“Decade after decade, our government has largely ignored the question of Puerto Rico’s political status, and the resulting ambiguity has fueled systemic inequities in the treatment of millions of American citizens who call Puerto Rico home,” Menedez’s op-ed continues.
He cites the aftermath of Hurricane Maria, and how the “uncertainty” of Puerto Rico’s status at the time, and how to respond to the crisis hindered recovery efforts and exacerbated the economic downturn. The unresolved situation made navigating the COVID-19 pandemic all the more difficult.
Menendez added that it’s situations like these that are contributing to the mass-exodus from Puerto Rico.
“The United States has a unique opportunity to address the systemic inequities resulting from its more than 100-year long colonial stranglehold over Puerto Rico. I am committed to using the strength of my voice and power of my office to fight for the millions of Americans who call Puerto Rico home and deserve to forge their own political destiny,” he wrote.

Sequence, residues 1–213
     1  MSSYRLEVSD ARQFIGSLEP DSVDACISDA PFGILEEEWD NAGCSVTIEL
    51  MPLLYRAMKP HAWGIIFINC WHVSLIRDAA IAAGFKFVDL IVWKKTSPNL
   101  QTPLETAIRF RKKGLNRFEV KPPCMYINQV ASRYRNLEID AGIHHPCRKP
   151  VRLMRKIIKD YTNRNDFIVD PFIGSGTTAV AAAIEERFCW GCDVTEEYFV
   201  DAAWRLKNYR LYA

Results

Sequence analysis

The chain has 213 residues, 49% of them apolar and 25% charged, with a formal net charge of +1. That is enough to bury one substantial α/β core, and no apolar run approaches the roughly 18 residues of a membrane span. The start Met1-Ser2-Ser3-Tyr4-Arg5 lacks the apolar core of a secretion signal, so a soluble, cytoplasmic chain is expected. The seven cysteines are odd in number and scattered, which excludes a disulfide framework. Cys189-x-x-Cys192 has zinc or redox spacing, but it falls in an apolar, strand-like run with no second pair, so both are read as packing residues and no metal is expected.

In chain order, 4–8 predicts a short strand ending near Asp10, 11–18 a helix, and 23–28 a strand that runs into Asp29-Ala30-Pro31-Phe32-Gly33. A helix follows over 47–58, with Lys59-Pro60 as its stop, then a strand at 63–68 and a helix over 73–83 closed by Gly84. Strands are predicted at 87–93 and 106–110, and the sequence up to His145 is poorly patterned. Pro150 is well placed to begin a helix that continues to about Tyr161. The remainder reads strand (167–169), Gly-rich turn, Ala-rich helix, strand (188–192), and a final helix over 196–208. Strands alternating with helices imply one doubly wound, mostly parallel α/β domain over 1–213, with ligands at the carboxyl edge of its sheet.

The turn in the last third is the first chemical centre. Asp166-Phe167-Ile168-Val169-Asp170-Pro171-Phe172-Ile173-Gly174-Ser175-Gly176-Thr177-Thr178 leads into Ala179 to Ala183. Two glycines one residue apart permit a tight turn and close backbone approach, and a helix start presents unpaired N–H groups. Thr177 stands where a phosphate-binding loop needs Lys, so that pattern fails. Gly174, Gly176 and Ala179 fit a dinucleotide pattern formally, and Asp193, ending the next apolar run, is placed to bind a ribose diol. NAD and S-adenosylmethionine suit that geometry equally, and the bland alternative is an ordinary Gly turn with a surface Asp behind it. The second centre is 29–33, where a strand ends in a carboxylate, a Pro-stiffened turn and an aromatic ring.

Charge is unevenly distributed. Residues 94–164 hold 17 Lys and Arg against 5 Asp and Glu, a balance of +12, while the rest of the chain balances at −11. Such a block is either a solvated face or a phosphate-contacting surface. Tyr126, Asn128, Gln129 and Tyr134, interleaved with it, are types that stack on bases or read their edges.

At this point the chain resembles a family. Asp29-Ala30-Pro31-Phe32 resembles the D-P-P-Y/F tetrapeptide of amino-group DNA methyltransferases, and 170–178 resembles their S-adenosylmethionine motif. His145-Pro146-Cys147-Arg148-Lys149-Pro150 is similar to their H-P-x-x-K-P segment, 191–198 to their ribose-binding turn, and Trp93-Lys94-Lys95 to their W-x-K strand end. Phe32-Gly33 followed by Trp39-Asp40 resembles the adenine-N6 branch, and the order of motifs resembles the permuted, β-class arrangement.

Those pushing statehood, including Puerto Rican U.S. Reps. Darren Soto, Ritchie Torres, and Commissioner Jenniffer González have strengthened the statehood effort this year in particular, arguing that the presence of colonialism, a big point for the Self-Determination backers, is present in the available options. However for them, statehood is the most beneficial route.
Puerto Rico held a non-binding referendum last November, where Puerto Ricans declared their desire for statehood, in a vote where only 55% of registered voters participated in the referendum. Of those, the narrow vote resulted in 52% support and 47% against.
The referendum — a yes or no vote on statehood — was not binding. And like Velazquez’s bill, it does not include a transition plan, though it does narrow-down the options to proceed.
To statehood backers, the people of Puerto Rico have spoken, and the next steps to make it happen should be considered.
While the case for self-determination is strong, neither bill appeared to gain the upper hand of the other at the end of the hearing on Wednesday.